Pros: Active animals close enough to really (safely) see
Cons: Steep hillside setting for some
The Bottom Line:
Zoo on a mountain
You really see animals
Great place to visit
Giraffes at Eye Level and Other Animal Encounters
I'm not much of a zoo person. Seeing animals up close is okay when they are moving around, but most of the time when I've gone to zoos, I've struggled to see the animals in their enclosure or discovered the enclosure was empty. So when my family decided to go to the Cheyenne Mountain Zoo on a vacation in
Colorado Springs, I wasn't expecting
much. I was pleasantly surprised.
As you might expect, the Cheyenne Mountain Zoo is located on the side of (wait for it)
. It's off Interstate 25 and behind the
Broadmoor Hotel. From there, follow the
sings to find it. During summer (May 1st
through Labor Day), the zoo is open every day from 9AM to 6PM and costs $17.25
for adults. During the rest of the year,
it closes at 5PM and costs $14.25 for adults.
Children and seniors are less, and they have military discounts. These prices went into effect on May 1, 2011,
so double check with them for current prices. Cheyenne
The thing that sets this zoo apart from others I have been to is how close you are to the animals. As you can figure out from the title of my review, the platform for viewing the giraffes is built up so that you are at eye level with them. And, for additional money, you can even feed the giraffes. Any time we saw the giraffes, most of them were right up at the walk way looking for a hand out. Watching my two year old niece feeding the giraffes (with some help from other relatives) was priceless. As my mom pointed out, it would be nice if there was a way to view the giraffes at ground level so you can get a feel for how tall they truly are, but even so it was incredible.
While that was the closest we got to an animal, we still had some pretty good luck with animals the rest of the day. The grizzles were being fed when we were there, so we got to see them standing up and diving into their river for food. The tiger was prancing back and forth in his enclosure. The monkeys and chimps were swinging from tree to tree. And the parrots were flying around the aviary like crazy. They even have naked mole rats (which are very ugly) and a couple of large hippos. Honestly, they have most of the usual zoo animals, which is impressive for a small sized zoo.
The animals are roughly collected by world region, although that isn't closely followed. It allows some logical connections for kids (and adults).
I mentioned that the zoo is located on the side of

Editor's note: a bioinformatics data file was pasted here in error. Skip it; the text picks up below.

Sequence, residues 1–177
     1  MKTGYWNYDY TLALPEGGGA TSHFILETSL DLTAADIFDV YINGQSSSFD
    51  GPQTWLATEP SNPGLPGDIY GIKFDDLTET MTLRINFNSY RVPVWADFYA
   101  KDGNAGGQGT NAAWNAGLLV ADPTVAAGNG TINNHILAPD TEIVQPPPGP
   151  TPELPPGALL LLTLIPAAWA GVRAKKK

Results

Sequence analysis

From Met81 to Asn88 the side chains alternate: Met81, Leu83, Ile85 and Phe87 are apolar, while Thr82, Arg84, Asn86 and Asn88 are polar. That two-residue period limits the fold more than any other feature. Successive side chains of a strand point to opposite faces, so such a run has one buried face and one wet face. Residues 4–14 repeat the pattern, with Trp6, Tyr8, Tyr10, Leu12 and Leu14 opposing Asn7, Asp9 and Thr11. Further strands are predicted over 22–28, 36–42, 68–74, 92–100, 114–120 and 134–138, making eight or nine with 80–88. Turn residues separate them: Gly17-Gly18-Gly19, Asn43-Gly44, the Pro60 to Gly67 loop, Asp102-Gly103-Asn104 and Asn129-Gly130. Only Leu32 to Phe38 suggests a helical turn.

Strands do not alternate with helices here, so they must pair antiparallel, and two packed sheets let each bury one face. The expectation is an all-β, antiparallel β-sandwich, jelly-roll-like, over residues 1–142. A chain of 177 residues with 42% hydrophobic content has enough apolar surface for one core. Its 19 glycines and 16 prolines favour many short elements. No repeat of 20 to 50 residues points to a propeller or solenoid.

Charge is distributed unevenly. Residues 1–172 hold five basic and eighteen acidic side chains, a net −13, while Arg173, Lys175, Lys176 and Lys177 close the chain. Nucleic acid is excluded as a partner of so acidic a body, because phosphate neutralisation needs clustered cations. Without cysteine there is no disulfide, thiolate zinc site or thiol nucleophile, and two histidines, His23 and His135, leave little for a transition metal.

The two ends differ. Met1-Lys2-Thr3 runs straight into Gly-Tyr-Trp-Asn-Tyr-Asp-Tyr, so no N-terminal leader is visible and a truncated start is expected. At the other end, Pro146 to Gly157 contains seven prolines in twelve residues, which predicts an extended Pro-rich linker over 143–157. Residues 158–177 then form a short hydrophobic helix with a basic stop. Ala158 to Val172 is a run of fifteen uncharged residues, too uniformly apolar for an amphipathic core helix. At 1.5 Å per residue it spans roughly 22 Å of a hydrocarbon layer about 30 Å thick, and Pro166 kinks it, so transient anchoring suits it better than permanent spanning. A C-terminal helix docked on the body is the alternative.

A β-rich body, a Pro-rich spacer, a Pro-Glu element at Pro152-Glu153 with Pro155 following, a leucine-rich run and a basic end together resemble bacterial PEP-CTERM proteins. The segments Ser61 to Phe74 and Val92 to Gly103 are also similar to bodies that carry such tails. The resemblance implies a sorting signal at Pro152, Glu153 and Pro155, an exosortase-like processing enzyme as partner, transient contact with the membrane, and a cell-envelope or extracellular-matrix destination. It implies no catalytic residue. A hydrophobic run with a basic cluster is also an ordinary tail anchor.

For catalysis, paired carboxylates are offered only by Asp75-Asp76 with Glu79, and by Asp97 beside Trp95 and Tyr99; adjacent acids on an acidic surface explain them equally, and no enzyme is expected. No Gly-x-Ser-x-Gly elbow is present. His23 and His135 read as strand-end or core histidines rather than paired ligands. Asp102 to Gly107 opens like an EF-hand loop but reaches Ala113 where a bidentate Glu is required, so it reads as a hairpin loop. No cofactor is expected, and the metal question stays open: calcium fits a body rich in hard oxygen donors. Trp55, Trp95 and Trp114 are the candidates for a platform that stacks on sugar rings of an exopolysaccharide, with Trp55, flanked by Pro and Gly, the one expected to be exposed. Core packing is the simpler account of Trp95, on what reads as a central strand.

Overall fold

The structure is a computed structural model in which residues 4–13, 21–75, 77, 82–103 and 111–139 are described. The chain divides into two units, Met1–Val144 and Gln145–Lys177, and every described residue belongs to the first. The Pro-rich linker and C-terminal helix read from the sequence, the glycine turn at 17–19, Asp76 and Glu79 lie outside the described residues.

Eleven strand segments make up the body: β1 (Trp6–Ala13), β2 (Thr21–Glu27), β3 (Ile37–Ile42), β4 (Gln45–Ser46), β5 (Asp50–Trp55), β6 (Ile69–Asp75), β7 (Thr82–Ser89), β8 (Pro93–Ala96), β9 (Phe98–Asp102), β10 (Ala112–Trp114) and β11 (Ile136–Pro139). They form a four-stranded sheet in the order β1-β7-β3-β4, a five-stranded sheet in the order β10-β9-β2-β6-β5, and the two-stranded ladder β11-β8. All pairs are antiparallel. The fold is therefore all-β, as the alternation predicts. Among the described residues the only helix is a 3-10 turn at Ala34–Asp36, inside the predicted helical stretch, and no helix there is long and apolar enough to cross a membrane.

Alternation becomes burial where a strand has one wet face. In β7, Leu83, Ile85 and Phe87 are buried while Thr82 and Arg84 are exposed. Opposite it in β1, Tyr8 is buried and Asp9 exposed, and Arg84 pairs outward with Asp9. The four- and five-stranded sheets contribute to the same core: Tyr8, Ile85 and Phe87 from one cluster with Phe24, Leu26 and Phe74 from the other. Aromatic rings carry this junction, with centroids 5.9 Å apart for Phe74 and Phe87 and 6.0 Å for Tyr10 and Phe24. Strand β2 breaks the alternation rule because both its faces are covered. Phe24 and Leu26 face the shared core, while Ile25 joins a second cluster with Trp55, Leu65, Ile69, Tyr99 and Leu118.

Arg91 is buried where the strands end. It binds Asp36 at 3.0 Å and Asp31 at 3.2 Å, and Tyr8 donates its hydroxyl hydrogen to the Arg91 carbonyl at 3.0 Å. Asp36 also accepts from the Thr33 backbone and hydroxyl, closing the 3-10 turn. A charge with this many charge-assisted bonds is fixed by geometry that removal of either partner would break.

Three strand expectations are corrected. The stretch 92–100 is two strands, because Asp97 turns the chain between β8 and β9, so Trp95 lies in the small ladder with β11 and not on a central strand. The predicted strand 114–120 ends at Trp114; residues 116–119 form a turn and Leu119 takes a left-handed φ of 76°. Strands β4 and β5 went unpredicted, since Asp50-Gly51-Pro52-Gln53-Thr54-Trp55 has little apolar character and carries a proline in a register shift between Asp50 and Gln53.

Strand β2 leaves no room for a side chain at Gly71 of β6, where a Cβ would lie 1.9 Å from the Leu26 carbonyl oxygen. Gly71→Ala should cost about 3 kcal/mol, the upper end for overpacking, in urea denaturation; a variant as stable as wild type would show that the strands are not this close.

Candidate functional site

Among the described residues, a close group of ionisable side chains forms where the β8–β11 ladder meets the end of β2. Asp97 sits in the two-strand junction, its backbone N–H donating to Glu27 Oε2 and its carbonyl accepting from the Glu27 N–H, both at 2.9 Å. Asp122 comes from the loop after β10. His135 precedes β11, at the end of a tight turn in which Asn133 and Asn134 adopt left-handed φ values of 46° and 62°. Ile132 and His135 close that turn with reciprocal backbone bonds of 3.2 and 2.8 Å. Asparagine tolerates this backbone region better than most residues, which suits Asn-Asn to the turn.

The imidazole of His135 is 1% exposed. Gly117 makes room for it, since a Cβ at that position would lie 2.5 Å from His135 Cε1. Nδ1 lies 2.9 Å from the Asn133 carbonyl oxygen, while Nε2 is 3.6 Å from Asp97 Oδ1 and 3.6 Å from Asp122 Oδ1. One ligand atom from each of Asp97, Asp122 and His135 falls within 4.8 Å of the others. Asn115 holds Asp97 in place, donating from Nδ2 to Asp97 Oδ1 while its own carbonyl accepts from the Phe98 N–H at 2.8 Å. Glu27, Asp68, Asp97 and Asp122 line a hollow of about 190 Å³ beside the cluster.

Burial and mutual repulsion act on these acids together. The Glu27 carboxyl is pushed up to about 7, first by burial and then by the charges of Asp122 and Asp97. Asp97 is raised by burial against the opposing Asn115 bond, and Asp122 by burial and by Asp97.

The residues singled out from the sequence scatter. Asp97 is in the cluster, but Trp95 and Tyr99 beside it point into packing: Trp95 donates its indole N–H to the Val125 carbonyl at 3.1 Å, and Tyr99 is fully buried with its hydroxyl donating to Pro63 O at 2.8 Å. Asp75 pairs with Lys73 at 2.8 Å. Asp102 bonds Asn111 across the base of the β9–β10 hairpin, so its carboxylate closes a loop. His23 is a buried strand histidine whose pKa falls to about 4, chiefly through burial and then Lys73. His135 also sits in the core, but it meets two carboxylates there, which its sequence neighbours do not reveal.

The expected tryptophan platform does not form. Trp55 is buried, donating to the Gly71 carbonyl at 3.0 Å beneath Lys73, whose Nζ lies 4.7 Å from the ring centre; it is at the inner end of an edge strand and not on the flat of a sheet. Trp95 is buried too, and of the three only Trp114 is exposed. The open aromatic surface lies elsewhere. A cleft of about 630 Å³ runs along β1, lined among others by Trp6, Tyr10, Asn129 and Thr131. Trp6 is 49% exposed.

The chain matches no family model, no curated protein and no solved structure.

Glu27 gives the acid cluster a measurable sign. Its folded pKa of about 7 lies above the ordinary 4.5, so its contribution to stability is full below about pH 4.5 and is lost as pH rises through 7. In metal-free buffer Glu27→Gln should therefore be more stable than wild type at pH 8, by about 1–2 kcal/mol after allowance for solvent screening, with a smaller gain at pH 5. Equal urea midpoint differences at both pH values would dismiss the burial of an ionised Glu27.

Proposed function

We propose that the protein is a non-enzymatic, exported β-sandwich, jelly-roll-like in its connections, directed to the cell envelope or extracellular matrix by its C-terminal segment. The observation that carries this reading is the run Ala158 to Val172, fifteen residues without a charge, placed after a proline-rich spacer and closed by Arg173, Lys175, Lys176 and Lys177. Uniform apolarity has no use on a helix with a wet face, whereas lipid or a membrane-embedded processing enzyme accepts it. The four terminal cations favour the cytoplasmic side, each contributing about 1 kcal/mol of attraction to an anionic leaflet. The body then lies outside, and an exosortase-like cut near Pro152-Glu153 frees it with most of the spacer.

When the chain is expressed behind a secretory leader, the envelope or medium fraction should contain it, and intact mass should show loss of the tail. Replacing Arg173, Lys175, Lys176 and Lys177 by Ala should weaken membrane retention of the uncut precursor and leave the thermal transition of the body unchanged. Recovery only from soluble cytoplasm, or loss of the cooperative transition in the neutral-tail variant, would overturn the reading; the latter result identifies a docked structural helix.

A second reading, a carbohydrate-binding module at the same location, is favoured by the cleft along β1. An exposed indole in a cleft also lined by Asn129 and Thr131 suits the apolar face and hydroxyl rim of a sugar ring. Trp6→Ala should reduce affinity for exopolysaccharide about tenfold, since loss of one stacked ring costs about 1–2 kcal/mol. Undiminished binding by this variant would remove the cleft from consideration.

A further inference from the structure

, right? I'm bringing it up again because it means you
need to be prepared for some climbs.
You'll be hiking up and down hill to see all the animals. On the other hand, many of the enclosures are
large fenced off areas of the mountain, providing some of the most natural
looking areas I've seen. To help with
the mountain aspect of things, they do offer trams with several stops around
the zoo. Cheyenne Mountain
Of course, there were a few no shows and animals not currently out. My biggest disappointment was the elephants. They have added a new member to their herd and built a new enclosure for them, so they weren't out right now.
There are some roads going through the zoo, including a public one leading to the Will Rogers Shrine of the Sun, so you need to watch for traffic occasionally more than normal. Most of the time, you are on foot paths. And as you reach the upper exhibits of the zoo, you get some great views of
In addition to the animals, they have two eating areas that serve the usual prepackaged salads, burgers, or slices of pizza. There's a small play area. For a little extra, you get a nice length ride on their carousel. And there is a ski lift type ride that will take you to the top of the mountain, again for an additional fee. It was closed the day we were there.
We spent about three and a half hours there, and I felt we'd seen most everything. This isn't a large zoo, but what is there is impressive.
Another thing I appreciated was the conservation signs around the zoo. Next to some of the endangered animals, were signs that talked about the abuses in the past and the struggles to allow the animals and humans to co-exist now. Some of the titles were inflammatory, but if you actually read the signs, they left you pondering how to best give the animals the space they need without halting everything that people do. It's something that needs serious debate, and I felt the zoo was actually interested in adding to the discussion.
And so I wound up enjoying my time at the Cheyenne Mountain Zoo. The number of active animals is going to give any other zoo a hard standard to meet.